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We will win the arguments over marriage and life – but not just with words

Every sacrifice made by a mother challenges the abortionists’ argument; every vibrant, loving marriage defends that institution

By on Tuesday, 3 April 2012

I have just stumbled across Pastor Juventus’s article in the Herald for March 23 and, as always, wish he had not been moved from his former slot on the centre pages. Tucked away towards the back of the newspaper he is easy to overlook and that is a great pity: he is always pithy, reflective and penetrating. On this occasion he is writing about the current “clash” between the Church and the world. Michael Voris of usually discusses the same theme but his manner and presentation are rather like the Redemptorist missions of days gone by, with their emphasis on hell and damnation. After listening to him I am left daunted by the problems facing the Church in today’s society. I come away feeling we are back in the catacombs and not a happy bunch there either.

Pastor Juventus, on the other hand, always leaves me with a sense of hope and encouragement and the possibility of change and renewal. He writes here: “…There is a struggle on hand for the soul of the world, which, while it has some particularly frightening guises in 21st-century England, is actually a perennial struggle, requiring huge efforts and grace…”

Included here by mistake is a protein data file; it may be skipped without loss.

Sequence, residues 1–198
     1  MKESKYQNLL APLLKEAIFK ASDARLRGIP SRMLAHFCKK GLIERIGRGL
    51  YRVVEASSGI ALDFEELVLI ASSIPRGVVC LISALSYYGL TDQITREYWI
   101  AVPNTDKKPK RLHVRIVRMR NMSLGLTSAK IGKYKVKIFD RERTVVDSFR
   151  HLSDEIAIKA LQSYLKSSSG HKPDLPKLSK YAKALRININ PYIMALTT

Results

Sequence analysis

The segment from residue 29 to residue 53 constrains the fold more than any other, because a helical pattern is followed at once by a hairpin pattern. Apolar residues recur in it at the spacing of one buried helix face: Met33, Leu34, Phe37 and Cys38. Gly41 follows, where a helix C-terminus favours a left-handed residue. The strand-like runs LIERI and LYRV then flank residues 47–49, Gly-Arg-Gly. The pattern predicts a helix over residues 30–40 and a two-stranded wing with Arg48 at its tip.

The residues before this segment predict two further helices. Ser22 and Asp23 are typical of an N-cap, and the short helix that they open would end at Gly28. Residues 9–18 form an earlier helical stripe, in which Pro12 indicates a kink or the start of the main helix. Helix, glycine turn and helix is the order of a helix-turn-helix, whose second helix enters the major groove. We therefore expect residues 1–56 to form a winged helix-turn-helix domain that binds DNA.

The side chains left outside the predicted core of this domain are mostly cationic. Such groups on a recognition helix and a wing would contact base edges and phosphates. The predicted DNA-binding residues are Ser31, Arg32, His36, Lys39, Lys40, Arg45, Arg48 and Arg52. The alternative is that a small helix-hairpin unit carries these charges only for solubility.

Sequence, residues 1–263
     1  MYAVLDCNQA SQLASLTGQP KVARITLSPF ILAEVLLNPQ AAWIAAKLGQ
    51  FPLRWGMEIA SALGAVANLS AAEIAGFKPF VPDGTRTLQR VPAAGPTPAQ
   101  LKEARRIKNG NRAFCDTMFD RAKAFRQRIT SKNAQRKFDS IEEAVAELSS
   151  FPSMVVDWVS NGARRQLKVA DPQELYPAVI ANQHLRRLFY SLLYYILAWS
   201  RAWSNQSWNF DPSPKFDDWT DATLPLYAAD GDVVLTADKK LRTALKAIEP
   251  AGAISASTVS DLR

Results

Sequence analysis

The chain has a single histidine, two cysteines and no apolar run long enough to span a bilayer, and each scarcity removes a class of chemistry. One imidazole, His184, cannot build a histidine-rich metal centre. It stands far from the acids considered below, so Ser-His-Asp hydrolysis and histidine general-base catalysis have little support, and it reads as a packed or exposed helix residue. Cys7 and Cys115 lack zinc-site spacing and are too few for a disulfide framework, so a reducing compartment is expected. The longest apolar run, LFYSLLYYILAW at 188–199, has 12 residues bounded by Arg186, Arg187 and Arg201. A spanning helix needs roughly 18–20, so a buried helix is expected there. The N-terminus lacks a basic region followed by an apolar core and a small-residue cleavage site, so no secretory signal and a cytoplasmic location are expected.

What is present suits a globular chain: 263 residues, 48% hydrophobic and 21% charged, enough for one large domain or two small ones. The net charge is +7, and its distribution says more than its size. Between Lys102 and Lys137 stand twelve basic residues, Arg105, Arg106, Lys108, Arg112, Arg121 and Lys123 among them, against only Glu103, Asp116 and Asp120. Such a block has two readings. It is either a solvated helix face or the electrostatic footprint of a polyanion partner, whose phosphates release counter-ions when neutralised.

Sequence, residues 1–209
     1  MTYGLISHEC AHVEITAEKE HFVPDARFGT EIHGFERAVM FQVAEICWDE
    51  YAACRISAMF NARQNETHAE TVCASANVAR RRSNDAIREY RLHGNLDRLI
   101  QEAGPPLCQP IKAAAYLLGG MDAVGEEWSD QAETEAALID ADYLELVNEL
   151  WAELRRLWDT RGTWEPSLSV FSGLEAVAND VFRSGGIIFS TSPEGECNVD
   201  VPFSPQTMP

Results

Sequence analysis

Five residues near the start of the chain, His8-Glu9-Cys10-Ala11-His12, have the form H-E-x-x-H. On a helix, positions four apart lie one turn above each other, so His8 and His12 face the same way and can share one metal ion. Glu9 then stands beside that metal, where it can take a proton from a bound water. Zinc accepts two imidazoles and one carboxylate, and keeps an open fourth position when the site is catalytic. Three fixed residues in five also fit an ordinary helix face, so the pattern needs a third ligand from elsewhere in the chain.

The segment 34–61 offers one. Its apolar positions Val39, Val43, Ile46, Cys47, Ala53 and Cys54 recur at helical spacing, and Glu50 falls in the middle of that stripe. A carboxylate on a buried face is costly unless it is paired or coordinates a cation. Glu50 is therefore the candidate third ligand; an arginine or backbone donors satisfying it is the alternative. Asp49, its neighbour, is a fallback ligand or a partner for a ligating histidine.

He does not decry the need to use intellectual arguments in this struggle but says that victory will only come about through “the incarnate witness of saints and martyrs”. We know this – that’s why we honour the saints – but it is always good to be reminded of it. Pastor Juventus continues: “We have to show that our arguments are right by the manner in which our lives reflect self-sacrificing love. Mother Teresa or John Paul II were effective not because campaigning, but because of the congruency of what they said and how they lived. So a woman’s ‘right to choose’ is challenged every time a woman sacrifices herself for her child in the smallest, tiniest way. The ‘right’ to gay marriage will be most fundamentally challenged by vibrant, holy marriages open to life. And the caricature that priests and bishops are all complicit in paedophilia is challenged by the witness of saintly, joyful priests who embody spiritual fatherhood.”

It sounds so obvious. It makes arguing the case for protecting unborn life, traditional marriage and the importance of strong priestly vocations seem the easier part; the rub lies in the living. On this note there is cheering news about the peaceful prayer vigil last Friday night outside the British Pregnancy Advisory Service’s abortion clinic in central London. Led by Bishop Alan Hopes who had been vilified in the blog and twittersphere for his participation, it was, in microcosm, a triumph of serene, prayerful good over chanting, angry evil. According to Dr Joseph Shaw’s blog the pro-life contingent was between 400-500 people; the crowd opposing them “was less than half that size.”